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Backstory: Inside 'Border Patrol, Inc.'

With ATVs, sensors, and drones, US agents fight illegal crossings, often in vain.

(Page 2 of 2)



In another room, the walls are decorated with photos of confiscated items - knives, shotguns, 4,391 pounds of cocaine from a bust. Here, junior agents attend classes in Spanish and immigration law one day a week for 10 months. They're tested twice. If they fail, they lose their job. The lessons are a follow-up to the 19 weeks the agents spend at an academy that includes the equivalent of three years of college Spanish. Jim Hawkins, a senior agent, says the border patrol receives 40,000 applications a year. Only 2,000 to 3,000 survive screening and training.

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Another room in the building is reserved for confiscated drugs. On this day, agents have loaded some 5,000 pounds of marijuana into two Penske moving vans and sent it north to Tucson for burning, which happens once a week.

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To stem illegal entries in Nogales, the agency is trying a "defense in depth" strategy. It involves blocking smuggling routes through the town with the lit up "iron curtain" - and pushing the traffickers farther out in the desert, where agents have two or three days to track them. The idea is also to avoid shootouts in populated areas.

On the ground, the agency is bolstering surveillance with a new "scope truck." It looks like a Chevy camper. But the roof has been cut out and a large infrared camera sits in the back like a periscope. Controlling it with a joy stick, agents can see illegals at night as far as six miles away.

We leave headquarters and bump along a road for several miles that follows a border ridge through the Coronado National Forest. Only three strings of barbed wire separate the US from Mexico here. The Mexico side is on high ground - rolling hills dotted with oak and walnut trees that provide cover for smugglers. Although no people are crossing, worn paths littered with empty water jugs wind across the border at frequent intervals.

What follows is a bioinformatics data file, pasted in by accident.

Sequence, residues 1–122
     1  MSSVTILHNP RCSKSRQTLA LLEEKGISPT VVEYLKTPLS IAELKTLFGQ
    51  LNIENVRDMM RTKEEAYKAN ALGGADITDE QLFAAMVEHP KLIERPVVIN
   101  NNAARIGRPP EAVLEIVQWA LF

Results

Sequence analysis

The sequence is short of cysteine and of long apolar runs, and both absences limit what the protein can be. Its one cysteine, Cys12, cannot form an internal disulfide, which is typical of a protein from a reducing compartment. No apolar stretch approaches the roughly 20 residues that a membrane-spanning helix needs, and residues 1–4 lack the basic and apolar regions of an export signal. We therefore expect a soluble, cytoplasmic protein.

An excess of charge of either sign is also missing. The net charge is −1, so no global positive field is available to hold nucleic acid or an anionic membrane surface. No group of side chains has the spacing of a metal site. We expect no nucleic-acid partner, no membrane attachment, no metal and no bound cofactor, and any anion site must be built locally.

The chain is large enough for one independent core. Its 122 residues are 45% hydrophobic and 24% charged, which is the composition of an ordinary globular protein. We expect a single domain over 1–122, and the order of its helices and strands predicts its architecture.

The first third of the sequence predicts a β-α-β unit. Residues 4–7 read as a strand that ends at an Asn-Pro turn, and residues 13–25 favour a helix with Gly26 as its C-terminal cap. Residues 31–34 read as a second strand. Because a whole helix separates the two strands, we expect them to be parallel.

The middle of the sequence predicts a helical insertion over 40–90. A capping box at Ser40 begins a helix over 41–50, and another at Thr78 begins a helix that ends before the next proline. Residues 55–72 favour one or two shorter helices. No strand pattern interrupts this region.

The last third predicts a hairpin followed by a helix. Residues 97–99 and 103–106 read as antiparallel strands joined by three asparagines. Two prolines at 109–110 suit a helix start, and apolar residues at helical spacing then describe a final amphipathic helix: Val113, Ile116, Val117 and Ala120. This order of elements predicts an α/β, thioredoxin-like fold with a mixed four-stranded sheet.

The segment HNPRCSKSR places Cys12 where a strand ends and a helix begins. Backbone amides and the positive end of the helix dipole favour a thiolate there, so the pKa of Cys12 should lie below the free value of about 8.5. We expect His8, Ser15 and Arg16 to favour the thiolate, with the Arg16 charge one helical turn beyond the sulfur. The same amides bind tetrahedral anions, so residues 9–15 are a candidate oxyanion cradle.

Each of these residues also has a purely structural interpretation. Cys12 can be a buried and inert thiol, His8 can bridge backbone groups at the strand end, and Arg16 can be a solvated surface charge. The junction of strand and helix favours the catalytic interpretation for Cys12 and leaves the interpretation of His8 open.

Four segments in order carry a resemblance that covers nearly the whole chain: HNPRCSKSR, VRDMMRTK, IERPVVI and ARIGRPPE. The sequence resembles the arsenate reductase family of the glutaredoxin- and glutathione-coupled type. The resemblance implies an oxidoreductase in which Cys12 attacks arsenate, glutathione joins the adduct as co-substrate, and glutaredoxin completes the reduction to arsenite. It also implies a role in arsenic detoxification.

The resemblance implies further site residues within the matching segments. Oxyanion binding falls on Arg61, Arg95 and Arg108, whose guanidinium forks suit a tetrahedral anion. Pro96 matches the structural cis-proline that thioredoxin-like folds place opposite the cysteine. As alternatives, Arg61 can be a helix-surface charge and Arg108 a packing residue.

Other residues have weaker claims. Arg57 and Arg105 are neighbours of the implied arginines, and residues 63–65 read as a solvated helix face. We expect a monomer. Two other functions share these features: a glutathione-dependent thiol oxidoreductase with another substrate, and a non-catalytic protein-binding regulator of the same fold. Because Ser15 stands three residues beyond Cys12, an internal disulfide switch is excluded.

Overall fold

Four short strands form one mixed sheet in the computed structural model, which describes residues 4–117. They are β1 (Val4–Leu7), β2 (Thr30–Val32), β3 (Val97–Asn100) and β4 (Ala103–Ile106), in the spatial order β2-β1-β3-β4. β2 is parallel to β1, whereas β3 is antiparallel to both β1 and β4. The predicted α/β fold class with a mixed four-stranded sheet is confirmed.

We circle back west and head through the city, where houses are painted in pastels. Hawkins points out what he calls the most troublesome drug-smuggling neighborhood in Nogales. A supposed drug lord's large hacienda sits among scores of shanties.

Farther east we reach Hamburger Hill, a notorious smuggling route. Below, the welders repair the fence. Their truck is fortified with mesh cages to protect the windows from the rock throwers. Sometimes the stoning is just a diversion, Hawkins says: While the youths throw, a smuggler crosses a short distance away.

"Manpower alone is not going" to stop this, says Rodolfo Espino, a political scientist at Arizona State University in Tempe. "As long as there's a pull for employees on this side of the border, there will be a constant push to enter from the Mexican side."

Driving back through Nogales, the agents note other ways illegals gain entry. Underneath two dry washes, which the border patrol filled in to prevent crossings, the immigrants crawl through a metal drainage culvert. To stop this, agents fabricated a steel door for the pipe. The smugglers retaliated with hydraulic jacks. The agents responded with sensors, cameras, and flood lights. It's keeping the smugglers at bay, for now.

"It's a game of constant adjustments," sighs Hawkins.

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